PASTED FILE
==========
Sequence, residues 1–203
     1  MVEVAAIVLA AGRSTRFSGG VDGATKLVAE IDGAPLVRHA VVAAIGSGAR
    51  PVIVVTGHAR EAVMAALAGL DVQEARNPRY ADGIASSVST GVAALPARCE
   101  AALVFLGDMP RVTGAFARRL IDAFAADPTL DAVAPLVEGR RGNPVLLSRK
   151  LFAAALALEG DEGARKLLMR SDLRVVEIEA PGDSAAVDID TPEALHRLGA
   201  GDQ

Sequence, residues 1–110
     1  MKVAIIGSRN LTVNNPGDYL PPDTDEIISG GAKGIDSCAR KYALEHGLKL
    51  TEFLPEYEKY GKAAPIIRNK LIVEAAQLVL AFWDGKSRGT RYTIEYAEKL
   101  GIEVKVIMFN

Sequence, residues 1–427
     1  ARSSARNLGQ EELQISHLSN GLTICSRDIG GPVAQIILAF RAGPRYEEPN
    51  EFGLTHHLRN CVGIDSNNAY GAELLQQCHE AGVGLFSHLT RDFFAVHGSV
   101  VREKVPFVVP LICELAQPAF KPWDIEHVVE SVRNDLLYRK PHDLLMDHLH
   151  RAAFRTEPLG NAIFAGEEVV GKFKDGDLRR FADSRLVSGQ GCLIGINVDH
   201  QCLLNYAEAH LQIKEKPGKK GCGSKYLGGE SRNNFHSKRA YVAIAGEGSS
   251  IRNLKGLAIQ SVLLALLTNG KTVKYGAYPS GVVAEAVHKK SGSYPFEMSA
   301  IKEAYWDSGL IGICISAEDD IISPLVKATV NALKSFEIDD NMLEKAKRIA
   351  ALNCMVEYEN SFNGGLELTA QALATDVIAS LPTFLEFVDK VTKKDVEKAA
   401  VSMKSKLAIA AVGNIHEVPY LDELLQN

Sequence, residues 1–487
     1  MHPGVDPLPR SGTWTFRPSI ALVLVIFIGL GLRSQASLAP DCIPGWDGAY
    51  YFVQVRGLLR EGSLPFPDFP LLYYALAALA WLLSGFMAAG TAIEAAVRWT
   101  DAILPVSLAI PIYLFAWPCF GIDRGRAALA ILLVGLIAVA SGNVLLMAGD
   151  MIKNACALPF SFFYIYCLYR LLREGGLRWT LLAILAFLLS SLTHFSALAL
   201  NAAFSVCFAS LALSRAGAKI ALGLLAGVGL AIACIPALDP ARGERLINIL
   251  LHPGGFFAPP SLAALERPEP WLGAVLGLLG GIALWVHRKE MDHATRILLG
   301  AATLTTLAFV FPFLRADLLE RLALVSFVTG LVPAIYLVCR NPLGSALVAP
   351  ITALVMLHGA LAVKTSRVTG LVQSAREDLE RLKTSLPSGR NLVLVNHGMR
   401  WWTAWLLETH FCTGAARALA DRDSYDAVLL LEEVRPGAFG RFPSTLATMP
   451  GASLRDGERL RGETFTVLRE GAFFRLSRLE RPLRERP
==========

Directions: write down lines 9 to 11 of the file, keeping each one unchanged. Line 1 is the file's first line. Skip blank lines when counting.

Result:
    51  TEFLPEYEKY GKAAPIIRNK LIVEAAQLVL AFWDGKSRGT RYTIEYAEKL
   101  GIEVKVIMFN

Sequence, residues 1–427